Work has begun on a $21bn refinery and petrochemical complex in Shandong province in northeast China. When complete in 2024, the Yulong plant will be able to process 400,000 barrels of crude oil a day and produce 3 million tonnes of ethylene a year.
The decision to build the complex was taken in June this year by the National Development and Reform Commission, China’s top economic planning agency. Reuters commented that the project had been proposed some years ago, but was delayed by the country’s overcapacity in petrochemical products.
The decision to press ahead was part of wider moves to boost demand, and partly to anticipate future growth in demand for refining.
Most of China’s oil comes from the Middle East, and the refinery will be designed to handle light crude from Saudi Arabia and Kuwait.
The cost of the project is greater than would normally be the case for a medium-sized refinery because of the need to replace a number of smaller and less efficient plants in Shandong. Some $3bn has been allocated to fund these closures.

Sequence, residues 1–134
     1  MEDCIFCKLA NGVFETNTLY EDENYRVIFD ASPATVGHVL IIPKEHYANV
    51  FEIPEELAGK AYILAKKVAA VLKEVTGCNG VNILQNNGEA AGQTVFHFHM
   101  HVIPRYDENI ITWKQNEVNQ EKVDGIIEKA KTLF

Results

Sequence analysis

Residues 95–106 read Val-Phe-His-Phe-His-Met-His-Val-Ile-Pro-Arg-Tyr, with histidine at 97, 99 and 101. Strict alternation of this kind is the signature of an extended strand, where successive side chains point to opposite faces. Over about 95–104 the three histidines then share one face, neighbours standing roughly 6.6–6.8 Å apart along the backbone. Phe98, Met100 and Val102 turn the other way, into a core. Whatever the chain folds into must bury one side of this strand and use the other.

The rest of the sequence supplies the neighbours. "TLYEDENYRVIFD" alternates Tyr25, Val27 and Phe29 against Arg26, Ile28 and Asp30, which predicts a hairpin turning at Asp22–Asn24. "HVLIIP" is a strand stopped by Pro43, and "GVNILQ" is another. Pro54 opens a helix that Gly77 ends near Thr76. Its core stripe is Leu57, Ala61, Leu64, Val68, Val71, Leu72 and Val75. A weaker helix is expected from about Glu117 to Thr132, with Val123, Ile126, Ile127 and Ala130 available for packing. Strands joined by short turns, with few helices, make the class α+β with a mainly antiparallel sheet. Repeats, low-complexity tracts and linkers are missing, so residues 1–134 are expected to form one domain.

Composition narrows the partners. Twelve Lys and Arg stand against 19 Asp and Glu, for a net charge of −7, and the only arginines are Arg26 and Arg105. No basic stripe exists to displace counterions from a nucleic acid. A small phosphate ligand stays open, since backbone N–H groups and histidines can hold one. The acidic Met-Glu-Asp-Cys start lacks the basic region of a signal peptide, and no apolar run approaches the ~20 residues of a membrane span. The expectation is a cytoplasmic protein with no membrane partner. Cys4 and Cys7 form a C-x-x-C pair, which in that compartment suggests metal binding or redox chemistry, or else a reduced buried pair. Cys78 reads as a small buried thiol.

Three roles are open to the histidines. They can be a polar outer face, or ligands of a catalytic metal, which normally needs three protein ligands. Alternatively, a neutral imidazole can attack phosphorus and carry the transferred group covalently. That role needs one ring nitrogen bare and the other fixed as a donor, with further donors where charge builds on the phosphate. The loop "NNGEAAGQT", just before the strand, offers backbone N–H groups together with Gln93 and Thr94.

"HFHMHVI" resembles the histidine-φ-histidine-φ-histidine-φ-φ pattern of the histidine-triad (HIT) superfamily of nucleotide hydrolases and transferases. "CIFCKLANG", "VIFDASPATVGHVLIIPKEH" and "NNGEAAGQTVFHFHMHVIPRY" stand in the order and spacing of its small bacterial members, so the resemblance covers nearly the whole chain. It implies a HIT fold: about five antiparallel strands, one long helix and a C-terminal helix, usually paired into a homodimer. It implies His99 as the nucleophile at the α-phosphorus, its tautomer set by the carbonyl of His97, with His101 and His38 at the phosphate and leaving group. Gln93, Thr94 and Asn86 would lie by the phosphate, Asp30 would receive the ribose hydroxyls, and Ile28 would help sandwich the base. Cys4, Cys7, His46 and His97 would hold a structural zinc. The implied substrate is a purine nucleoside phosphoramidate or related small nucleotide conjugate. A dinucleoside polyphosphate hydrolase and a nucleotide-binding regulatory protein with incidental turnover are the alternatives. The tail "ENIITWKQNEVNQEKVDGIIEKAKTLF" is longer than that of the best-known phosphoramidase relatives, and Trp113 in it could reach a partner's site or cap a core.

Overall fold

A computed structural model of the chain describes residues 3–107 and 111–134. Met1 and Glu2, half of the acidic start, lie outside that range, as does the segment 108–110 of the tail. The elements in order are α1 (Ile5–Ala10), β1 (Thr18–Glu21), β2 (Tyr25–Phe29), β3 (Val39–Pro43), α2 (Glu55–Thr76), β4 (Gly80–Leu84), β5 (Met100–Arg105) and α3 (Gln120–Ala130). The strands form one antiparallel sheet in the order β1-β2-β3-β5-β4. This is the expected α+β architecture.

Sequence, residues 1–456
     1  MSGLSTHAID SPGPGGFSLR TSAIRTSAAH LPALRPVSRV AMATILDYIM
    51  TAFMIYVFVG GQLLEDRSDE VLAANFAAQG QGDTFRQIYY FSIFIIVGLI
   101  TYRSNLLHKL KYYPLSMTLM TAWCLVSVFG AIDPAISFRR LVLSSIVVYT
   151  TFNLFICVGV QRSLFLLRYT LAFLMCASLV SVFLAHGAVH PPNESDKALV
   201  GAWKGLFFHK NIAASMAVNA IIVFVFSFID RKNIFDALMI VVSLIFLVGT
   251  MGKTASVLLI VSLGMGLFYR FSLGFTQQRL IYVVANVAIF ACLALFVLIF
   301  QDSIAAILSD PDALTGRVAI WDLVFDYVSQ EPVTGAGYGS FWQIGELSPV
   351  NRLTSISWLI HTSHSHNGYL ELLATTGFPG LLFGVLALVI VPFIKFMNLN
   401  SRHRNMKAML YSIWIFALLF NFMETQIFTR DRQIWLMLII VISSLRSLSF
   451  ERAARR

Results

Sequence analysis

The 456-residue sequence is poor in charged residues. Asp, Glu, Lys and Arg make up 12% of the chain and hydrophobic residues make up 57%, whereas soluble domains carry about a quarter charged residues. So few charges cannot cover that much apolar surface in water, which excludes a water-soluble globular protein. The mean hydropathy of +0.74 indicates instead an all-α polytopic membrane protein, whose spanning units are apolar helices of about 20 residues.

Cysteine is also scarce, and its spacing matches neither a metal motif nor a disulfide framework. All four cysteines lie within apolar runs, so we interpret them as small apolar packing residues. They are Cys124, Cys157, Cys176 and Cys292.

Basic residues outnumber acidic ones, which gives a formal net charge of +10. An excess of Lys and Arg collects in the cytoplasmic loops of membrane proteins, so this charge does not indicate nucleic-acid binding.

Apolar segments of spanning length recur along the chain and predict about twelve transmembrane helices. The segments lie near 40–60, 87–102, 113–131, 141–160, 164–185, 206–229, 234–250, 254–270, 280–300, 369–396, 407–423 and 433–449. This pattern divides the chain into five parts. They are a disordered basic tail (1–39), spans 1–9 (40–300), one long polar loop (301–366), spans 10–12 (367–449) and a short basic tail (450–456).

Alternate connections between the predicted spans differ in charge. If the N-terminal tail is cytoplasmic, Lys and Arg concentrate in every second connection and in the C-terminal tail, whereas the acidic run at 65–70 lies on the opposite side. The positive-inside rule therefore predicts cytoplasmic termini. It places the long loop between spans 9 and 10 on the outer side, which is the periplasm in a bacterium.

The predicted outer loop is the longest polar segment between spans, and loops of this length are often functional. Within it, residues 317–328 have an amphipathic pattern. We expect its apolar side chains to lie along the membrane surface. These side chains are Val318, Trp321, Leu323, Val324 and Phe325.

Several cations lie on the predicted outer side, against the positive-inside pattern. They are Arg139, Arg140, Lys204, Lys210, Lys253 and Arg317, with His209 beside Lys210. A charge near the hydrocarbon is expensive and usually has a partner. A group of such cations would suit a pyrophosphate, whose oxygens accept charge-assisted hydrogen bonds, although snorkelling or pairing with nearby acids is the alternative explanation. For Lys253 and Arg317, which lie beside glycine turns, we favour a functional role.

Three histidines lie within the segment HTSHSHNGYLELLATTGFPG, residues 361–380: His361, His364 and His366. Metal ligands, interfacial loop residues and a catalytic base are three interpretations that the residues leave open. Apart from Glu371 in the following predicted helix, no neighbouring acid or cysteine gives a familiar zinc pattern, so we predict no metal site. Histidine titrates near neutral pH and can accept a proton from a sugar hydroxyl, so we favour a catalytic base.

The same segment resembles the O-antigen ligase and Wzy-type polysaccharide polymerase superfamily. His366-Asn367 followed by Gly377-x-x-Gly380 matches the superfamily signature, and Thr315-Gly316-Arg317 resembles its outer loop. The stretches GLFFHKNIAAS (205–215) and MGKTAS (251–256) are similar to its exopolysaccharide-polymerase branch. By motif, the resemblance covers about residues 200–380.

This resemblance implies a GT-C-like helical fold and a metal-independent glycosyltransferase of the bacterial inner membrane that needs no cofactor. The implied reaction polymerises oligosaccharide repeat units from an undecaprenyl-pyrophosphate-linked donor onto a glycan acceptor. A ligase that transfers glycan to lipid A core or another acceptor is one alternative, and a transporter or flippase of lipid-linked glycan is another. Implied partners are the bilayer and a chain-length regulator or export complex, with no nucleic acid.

The lead investor in the scheme will be Nanshan Group, a conglomerate with operations in aluminium smelting, textiles and industrial park development. It is based in Yantai, a port city in the northeast of the province. Other funders will be chemical group Wanhua and the government of Shandong.
The Yulong project was one of some 500 industrial projects begun in the province of Shandong over the past week, Chinese media reported. The total investment in those projects is estimated at $81bn.
Image: The refinery will be built in Yantai, a hub of China’s refining and petrochemical industries (HaoLinFotos/CC BY-SA 4.0)